Bishop’s words are consonant with what Lise Motherwell said of paintings like The Bay in a recent interview, while speaking of summers in Provincetown with her sister, father, and stepmother:
Helen’s studio spaces were pretty open, and one on Commercial Street had a great view of the water. When you were standing on the second floor, you could see the colors emerging as the tide went out, the green of the eelgrass in the water, the sand underneath. Helen’s paintings really capture that experience—the feeling of looking down into that.
There is not space here for a full comparison between Helen’s and her husband’s paintings made in Provincetown, but in order to come closer to what Helen was doing, I need to compare Lise’s description to what her father wrote of painting there:
For years my summer studio has been on the bay in Provincetown. . . . There is a 900-foot tidal flat, and . . . at high tide the sea in a high wind breaks against the bulkhead in violent spray. In the “Beside the Sea” series [of 1962], I painted the spray with such physical force that the strong rag paper split, and it was only when I found rag paper laminated with glue in five layers that the surface could take the full force of my shoulder, arm, hand, and brush without splitting. One might say that the true way to “imitate” nature is to employ its own process.
Jack Flam, the principal author of the catalogue raisonné of Robert Motherwell’s work, nicely explains the implications of this statement:
Both the colors and the forms of the paintings in this series occupy a terrain that is somewhere between description and metaphor. The skeins of splashed paint that rise above the horizontal strokes suggest water whipped by the wind, just as the ochres and blues of the horizontal lines frequently suggest—but do not quite describe—the colors of sand and water.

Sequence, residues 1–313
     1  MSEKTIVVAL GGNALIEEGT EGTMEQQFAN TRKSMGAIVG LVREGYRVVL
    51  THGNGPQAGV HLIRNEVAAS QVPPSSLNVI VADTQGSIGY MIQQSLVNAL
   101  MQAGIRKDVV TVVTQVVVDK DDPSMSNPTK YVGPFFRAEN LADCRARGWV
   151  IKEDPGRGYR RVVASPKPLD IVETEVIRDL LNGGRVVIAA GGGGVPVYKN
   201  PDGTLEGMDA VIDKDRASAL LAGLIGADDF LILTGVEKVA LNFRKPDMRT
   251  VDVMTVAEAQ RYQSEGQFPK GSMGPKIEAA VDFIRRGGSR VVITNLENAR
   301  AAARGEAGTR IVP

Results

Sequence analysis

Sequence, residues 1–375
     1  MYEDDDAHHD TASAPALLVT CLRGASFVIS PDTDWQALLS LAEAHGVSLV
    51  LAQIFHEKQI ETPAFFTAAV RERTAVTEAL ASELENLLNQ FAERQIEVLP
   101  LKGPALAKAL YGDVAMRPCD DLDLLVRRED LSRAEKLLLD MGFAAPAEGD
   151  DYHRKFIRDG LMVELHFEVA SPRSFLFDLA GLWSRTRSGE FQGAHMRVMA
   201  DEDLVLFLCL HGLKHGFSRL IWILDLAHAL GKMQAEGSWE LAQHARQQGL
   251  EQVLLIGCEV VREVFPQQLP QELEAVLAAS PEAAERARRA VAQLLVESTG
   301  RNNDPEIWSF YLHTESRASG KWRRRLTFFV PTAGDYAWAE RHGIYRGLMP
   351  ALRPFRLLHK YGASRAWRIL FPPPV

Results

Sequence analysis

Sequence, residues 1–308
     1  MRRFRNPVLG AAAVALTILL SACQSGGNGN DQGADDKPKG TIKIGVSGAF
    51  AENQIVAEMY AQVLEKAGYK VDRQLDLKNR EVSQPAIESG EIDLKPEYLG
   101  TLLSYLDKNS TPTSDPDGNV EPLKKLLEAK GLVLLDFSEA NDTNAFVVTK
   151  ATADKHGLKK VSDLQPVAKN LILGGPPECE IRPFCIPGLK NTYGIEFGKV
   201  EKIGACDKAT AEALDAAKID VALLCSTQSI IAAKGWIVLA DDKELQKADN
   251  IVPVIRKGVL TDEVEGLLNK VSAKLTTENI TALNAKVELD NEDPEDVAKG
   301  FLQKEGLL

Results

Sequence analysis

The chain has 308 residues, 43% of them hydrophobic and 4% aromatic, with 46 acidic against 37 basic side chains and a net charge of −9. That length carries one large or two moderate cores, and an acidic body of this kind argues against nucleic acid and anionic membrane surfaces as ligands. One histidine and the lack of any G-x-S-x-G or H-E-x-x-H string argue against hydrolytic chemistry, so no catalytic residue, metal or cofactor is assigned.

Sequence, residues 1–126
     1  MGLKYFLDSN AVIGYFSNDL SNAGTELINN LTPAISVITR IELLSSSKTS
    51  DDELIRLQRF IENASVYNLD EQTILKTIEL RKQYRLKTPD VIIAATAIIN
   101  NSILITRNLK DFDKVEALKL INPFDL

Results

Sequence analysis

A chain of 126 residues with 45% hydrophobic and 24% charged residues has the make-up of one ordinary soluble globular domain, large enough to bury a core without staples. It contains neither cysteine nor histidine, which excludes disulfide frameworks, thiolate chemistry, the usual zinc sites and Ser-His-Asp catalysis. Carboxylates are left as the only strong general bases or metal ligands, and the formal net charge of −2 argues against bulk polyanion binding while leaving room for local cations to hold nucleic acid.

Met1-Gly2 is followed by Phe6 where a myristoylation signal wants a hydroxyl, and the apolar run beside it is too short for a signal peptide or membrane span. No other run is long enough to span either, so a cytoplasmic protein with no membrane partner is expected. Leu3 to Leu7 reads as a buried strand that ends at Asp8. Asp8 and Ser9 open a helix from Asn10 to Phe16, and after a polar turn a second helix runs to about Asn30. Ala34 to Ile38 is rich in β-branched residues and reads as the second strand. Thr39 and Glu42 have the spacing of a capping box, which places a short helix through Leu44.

Following this interpretation, we might say that Frankenthaler, looking at water behaving in a quieter, slower manner as the tide recedes, also imitates it by employing a quieter, slower process in painting it. And that for her, too, the colors and the forms of her paintings occupy a terrain that is somewhere between description and metaphor—neither solely a pictorial likeness of a view of nature, nor solely a pictorial analogy of it created by imitating the process that formed it.
What needs adding, though, is this: Not only is the descriptive side of the terrain different for Motherwell and Frankenthaler, because they take different versions of nature as their subjects: high tide and low tide. And not only is the metaphoric side of the terrain different, too, because it necessarily is in accord with the description: Motherwell’s evocative of the violence of the incoming tide—of the height of the storm—and Frankenthaler’s of its quieter retreat—after the storm has passed. In addition, these metaphors open onto another pair of metaphors: of immediacy (Motherwell) and of retrospection (Frankenthaler). The question is: Which do you prefer?
The correct answer was famously provided by Wallace Stevens:
I do not know which to prefer,
The beauty of inflections
Or the beauty of innuendoes,
The blackbird whistling
Or just after.
The beauty of the storm. Or the beauty of its waning.
Remember what Lise said after describing what it was like to look down from the second-floor studio onto the water as the tide went out. She said: “Helen’s paintings really capture that experience—the feeling of looking down into that.” Whether intended or not, the final ambiguous “that” nicely captures Frankenthaler’s double experience: first, looking down into that scene; and second, looking down into that experience—into what she feels when looking down into that scene—painting not, as Motherwell did, the beauty of inflections, but the beauty of innuendoes.
Turning back for a moment to Bishop’s “The Map,” we find, toward the end of the poem, the couplet “Mapped waters are more quiet than the land is / Lending the land their waves’ own conformation.”